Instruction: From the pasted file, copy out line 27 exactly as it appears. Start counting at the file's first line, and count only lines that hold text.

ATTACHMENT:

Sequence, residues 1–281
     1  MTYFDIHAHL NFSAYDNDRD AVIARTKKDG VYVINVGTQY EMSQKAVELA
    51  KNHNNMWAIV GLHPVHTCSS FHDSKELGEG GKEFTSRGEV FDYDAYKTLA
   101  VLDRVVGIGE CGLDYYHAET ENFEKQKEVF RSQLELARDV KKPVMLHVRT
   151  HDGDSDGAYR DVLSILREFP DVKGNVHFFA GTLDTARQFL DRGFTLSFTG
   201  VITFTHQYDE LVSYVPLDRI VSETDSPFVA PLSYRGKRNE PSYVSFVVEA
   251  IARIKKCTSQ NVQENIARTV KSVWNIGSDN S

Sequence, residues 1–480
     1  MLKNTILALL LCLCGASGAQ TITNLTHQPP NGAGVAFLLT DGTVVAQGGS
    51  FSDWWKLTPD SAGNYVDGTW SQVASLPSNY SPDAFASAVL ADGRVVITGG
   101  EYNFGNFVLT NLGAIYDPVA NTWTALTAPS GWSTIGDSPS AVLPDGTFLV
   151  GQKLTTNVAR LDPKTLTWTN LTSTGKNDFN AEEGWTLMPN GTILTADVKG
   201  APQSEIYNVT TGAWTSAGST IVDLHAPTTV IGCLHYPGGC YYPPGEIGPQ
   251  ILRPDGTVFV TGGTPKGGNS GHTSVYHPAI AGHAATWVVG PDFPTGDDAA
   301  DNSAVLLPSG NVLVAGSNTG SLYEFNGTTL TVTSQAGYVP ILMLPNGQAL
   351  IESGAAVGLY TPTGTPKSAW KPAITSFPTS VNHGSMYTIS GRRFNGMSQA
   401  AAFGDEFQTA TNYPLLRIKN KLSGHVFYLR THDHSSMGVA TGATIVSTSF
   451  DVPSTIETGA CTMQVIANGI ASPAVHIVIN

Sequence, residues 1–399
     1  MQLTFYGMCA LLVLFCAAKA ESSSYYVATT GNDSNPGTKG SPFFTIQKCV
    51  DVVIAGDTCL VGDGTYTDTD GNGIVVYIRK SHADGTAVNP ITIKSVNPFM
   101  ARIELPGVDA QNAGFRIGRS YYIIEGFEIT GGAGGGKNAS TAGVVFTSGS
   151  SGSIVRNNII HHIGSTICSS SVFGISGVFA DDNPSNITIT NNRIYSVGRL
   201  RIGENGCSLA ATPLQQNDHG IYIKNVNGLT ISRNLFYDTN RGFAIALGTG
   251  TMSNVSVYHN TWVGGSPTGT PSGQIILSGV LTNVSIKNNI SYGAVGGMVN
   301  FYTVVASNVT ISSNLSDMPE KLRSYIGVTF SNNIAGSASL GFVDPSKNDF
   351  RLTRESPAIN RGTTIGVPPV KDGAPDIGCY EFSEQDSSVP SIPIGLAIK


   351  RLTRESPAIN RGTTIGVPPV KDGAPDIGCY EFSEQDSSVP SIPIGLAIK